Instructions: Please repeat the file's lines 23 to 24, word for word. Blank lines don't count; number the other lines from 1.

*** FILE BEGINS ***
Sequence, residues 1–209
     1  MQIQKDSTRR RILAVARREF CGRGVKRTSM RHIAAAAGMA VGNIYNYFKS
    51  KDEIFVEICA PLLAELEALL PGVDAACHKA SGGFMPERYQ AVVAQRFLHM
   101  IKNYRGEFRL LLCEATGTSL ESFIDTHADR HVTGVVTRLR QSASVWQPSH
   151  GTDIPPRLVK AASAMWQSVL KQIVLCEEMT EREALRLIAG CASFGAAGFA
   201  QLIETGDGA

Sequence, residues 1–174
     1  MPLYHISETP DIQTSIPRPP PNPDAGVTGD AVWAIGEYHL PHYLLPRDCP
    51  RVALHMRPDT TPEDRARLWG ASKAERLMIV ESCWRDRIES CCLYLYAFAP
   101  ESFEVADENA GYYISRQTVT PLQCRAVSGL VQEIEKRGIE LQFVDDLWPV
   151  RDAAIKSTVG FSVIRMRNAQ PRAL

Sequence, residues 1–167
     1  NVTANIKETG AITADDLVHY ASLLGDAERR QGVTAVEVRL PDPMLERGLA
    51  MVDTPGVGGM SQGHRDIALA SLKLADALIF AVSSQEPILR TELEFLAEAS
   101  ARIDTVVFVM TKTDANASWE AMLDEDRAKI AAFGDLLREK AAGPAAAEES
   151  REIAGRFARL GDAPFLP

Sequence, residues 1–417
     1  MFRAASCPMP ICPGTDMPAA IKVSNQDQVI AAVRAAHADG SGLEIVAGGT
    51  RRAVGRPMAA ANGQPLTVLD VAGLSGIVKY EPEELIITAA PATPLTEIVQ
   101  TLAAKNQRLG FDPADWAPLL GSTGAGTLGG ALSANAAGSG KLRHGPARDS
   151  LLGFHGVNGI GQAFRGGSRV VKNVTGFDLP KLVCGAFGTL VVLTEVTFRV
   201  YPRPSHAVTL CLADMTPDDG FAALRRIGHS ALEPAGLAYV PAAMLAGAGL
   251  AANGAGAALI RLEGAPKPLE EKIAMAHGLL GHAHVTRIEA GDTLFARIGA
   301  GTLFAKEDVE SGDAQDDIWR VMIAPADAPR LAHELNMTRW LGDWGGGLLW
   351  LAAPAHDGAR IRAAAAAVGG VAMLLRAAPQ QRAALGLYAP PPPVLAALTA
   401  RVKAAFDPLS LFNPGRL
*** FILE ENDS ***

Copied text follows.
   251  AANGAGAALI RLEGAPKPLE EKIAMAHGLL GHAHVTRIEA GDTLFARIGA
   301  GTLFAKEDVE SGDAQDDIWR VMIAPADAPR LAHELNMTRW LGDWGGGLLW